It bears repeating: A good credit score opens the door to favorable lending options. It’s the first thing lenders look at when evaluating you for a mortgage, a car loan or, simply, another credit card.
A good credit score will do wonders to establish you as a reliable loan recipient who’s worthy of a good interest rate or annual percentage rate (APR).
A bad credit score, on the other hand, will, quite literally, cost you more in the form of higher rates. With a very low credit score, you might find yourself not even qualifying for the loans you desire or really need.
The good news is, you can start improving your credit score today. It’ll be a work in progress. It won’t happen overnight. And, it’ll take discipline to see it through. But, consider summer the optimal time to start saving and re-assessing your financial future.
There are a lot of free (or very, very low-cost) ways for you to enjoy summer and pocket extra savings. Use that extra cash on hand to pay down outstanding credit card debt, loans or put it away in a smart savings account.
As far as improving your score goes, here’s where you can start today.
Before you do anything else on this list, get a copy of your credit report
It sounds simple, but you can’t really do anything else on this list without having the latest report from the federal credit bureaus on hand. You can get one free copy of your credit report from each of the three major credit bureaus (TransUnion, Equifax, and Experian) once a year. Note that these reports will not actually have your credit score. Instead, you’ll want to comb through them to see if there are any errors or charges on the report. If there are, you can contact the credit bureau to clarify the situation.
You can then check your credit score. You’ll often hear about your “FICO score” or your “VantageScore.” FICO uses the information in your credit report to calculate a simple score that lenders can then use to determine where you fall on the scale of poor to excellent. VangtageScore is another credit score company that lenders might use.
The main thing to consider is that there are five main factors that affect your final credit score. These are: payment history, debt/amounts owed, age of credit history, new credit/inquiries, and mix of accounts/types of credit. Remember, it’s always worthwhile to dive into the details of your debt.
Next: Tackle your debt with the worst rates first
If you’re carrying a lot of debt, it can feel overwhelming to look at one, big, number. This is where you’ll want to dive into the interest rates and APRs for each credit card or loan you have. Find out which is the highest and tackle that amount of debt first. Calculate your monthly minimums on other cards/debt and then see what’s the maximum amount you can afford to pay on your costliest card.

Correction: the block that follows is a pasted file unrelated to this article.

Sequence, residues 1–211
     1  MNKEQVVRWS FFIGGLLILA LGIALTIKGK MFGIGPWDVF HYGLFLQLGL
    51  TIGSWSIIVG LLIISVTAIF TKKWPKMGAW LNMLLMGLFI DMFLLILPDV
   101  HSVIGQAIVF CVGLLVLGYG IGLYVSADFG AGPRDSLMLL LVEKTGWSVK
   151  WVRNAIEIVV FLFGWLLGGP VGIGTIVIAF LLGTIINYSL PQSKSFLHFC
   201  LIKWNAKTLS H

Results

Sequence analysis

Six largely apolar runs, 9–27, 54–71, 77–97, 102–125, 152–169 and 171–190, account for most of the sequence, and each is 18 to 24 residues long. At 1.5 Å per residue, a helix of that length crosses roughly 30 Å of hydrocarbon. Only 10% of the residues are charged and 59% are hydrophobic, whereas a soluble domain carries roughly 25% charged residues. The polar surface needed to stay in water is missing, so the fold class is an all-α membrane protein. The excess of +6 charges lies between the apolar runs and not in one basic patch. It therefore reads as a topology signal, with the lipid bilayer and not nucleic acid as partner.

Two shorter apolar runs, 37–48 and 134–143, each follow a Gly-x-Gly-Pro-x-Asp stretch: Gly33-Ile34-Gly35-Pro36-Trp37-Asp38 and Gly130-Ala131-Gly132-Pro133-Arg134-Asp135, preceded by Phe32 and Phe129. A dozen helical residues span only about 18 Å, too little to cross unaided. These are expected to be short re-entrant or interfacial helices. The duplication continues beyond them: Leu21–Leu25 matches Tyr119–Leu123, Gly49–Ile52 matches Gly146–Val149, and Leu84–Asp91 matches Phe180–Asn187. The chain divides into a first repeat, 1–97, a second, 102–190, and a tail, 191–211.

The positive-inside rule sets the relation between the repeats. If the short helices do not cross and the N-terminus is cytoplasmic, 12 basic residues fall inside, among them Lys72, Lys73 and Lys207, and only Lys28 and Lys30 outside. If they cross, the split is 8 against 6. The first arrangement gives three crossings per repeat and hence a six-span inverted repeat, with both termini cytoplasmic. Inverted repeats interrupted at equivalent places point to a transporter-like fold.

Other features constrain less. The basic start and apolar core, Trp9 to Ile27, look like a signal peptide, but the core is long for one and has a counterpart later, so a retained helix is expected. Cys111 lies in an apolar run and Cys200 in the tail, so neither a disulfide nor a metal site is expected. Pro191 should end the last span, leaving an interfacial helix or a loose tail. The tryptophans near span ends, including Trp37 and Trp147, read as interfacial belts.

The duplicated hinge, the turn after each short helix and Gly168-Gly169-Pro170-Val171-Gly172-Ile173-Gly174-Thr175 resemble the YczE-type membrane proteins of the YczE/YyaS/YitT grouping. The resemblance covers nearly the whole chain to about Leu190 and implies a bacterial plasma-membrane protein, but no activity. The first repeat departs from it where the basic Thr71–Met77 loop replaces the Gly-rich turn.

How much debt you carry factors into 30 percent of your FICO score. While paying off a card completely is the ideal situation, you can aim at least to have a balance of no more than 30 percent of the total credit line available. If you have $3,000 in credit available, that means you should never have more than a $900 balance.
If your credit score is really poor, consider a secured credit card
If your credit score has taken a deep dive (for whatever reason), you’ll want to get creative with how you can show you’re a reliable customer. Banks often have what’s called a secured credit card. This is a type of credit card where you front all or a portion of the available credit balance for a card. You can then use this card to make regular payments on to establish a history of good payments.
Automate those payments and check out your closing dates
Missed or late payments on anything will hurt your credit score significantly. (It accounts for 35 percent of your overall FICO score.) Luckily, older missteps on your accounts count for less. Commit to staying on top of your payments today by marking the due dates for each card or other debt on a calendar.
Then, go ahead and look into when the closing date is for your account. You’ll notice you usually have a grace period between the closing date for your credit card and the due date for a payment. If you’ve racked up a lot of charges on a low-balance card, it’s in your best interest to make a small payment by the closing date.
Your credit utilization rate (how much you use out of your available line of credit) shouldn’t exceed 30 percent. Make it a point to tackle that by the closing date to avoid having your credit score take a hit.
Simple steps, but keep at it and you’ll see your score slowly improve in the coming months. Just imagine, this time next year, you can sip margaritas poolside knowing your debt is lower and your credit score is higher!